Amid all the strange vagaries of the Haschisch, the mind preserves the power of taking cognizance of its condition, and to a certain extent of analyzing its operations. The memory of everything said and done is nearly perfect; but of the multitude of thoughts, only those making a more than commonly distinct impression are preserved.

Can this singular substance be put to any useful purpose, to illustrate any of the varied mental phenomena of health and disease? Is it worthy a place in the medical armamentum, from its action alone upon the mind?

The great advances made in the philosophy of medicine during the last half century, have been due almost entirely to the devotion with which pathology has been pursued. Instead of the ill-arranged and ill-understood assemblage of symptoms observed with scrupulous care, which went to make up the idea of a disease, we now direct our aim to strip it of everything fortuitous and to fix in the mind the type of the malady -- those essential features which are uniformly the same under every variety of circumstances, and about which the more obvious symptoms cluster, like the drapery about a statue.

In diseases of the mind, this has not been done: their seat and nature are too deep to be reached by the knife of the morbid anatomist. Esquirol, after a whole life devoted to the study of this subject, and after the most ample opportunities that have ever fallen to the lot of any individual, says, that "Pathological anatomy is yet silent as to the seat of madness; it has not yet demonstrated what is the precise alteration in the encephalon which gives rise to this disease." Nor has greater success obtained in the attempt to explain the relations and analogies of the various forms of insanity.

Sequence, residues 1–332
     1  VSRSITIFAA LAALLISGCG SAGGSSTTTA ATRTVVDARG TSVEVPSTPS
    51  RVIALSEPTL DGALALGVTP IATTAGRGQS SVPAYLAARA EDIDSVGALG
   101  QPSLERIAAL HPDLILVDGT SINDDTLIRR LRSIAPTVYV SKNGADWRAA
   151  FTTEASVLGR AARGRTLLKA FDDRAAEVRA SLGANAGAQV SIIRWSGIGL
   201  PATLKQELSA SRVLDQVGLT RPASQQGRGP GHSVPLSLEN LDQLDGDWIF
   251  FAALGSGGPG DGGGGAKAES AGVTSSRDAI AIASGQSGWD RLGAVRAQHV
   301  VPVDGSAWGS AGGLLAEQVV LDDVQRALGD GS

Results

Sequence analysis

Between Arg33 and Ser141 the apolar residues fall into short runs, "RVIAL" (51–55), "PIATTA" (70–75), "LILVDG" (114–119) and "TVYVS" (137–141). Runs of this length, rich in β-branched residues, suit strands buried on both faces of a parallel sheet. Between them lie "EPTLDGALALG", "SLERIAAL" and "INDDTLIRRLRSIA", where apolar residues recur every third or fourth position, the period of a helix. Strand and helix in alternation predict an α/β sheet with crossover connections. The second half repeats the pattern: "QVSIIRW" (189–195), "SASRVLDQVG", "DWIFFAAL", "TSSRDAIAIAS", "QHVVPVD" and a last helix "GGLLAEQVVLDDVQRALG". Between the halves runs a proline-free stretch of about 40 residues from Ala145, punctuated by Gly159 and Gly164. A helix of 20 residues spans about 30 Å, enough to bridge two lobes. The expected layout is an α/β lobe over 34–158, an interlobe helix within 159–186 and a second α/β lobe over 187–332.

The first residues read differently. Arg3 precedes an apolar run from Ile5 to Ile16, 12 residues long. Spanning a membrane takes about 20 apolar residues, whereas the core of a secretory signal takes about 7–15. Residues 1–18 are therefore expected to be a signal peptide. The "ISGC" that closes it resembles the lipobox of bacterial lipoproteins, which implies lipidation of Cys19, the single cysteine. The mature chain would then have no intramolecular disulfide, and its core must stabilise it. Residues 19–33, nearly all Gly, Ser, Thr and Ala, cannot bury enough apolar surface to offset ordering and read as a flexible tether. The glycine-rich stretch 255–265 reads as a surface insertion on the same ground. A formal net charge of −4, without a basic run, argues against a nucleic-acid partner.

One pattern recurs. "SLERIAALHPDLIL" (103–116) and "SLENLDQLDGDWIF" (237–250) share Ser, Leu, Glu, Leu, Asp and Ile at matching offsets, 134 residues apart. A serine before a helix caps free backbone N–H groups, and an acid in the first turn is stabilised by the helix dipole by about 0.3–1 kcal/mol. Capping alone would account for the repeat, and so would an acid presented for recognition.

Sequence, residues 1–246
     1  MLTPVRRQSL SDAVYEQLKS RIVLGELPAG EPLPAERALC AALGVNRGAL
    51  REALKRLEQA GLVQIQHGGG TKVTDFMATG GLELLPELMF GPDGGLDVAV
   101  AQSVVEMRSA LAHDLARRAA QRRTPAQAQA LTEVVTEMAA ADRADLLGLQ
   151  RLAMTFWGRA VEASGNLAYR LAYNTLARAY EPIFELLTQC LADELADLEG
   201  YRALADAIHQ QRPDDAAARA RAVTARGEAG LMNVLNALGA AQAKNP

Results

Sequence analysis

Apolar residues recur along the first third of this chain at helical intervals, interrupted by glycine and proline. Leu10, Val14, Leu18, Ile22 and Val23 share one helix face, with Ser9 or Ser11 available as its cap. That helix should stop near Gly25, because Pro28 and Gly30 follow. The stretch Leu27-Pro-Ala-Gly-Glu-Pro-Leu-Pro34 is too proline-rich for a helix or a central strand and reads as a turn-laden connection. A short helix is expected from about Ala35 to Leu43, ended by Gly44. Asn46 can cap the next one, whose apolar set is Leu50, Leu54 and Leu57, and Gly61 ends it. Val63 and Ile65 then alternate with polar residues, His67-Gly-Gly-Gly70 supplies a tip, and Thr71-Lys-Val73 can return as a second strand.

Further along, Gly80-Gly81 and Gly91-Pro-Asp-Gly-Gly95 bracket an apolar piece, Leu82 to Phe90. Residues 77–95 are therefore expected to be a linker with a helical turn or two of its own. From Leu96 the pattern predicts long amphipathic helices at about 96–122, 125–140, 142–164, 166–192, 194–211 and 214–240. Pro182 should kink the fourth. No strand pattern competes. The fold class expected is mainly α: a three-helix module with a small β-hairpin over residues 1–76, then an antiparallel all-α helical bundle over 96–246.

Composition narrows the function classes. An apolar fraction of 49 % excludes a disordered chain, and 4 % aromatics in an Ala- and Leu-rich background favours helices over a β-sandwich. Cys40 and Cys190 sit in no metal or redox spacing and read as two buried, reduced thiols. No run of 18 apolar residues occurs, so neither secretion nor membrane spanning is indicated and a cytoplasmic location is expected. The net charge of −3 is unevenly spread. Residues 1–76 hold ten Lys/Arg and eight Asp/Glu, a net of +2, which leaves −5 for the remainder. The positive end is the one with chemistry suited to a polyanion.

The cause of the latter failure is sufficiently obvious. Theory has taken the place of fact. No competent individual who has experienced insanity in his own person, has written upon the disease. The insane themselves can rarely give a consistent account of their disease, even if they were qualified, by previous study and observation, to take the best advantage of their own mental state. Even our own observation of the disease is rarely complete: the minor degrees do not come under the care of the physician, and it is only when the more severe cases are evident to all, that friends will acknowledge its existence and submit the unfortunate patient to examination. How imperfect would be our ideas of grief, anger, or pain, if we could only observe their outward manifestations, or listen to a description of them by one who had suffered them! And yet this is all, and more than all that we can know of the intimate nature of insanity, of its connections and analogies, unless we have suffered it in our own persons.

If we had never felt any of the passions, our diagnosis of them might perhaps be as perfect, and the empirical treatment as successful, as now; but a vagueness would necessarily pervade our mind as to their nature, and we should be liable to continual error in reasoning upon them. Southwood Smith well observes, that the symptom of fever termed febrile restlessness cannot be understood by any one who has not experienced it in person.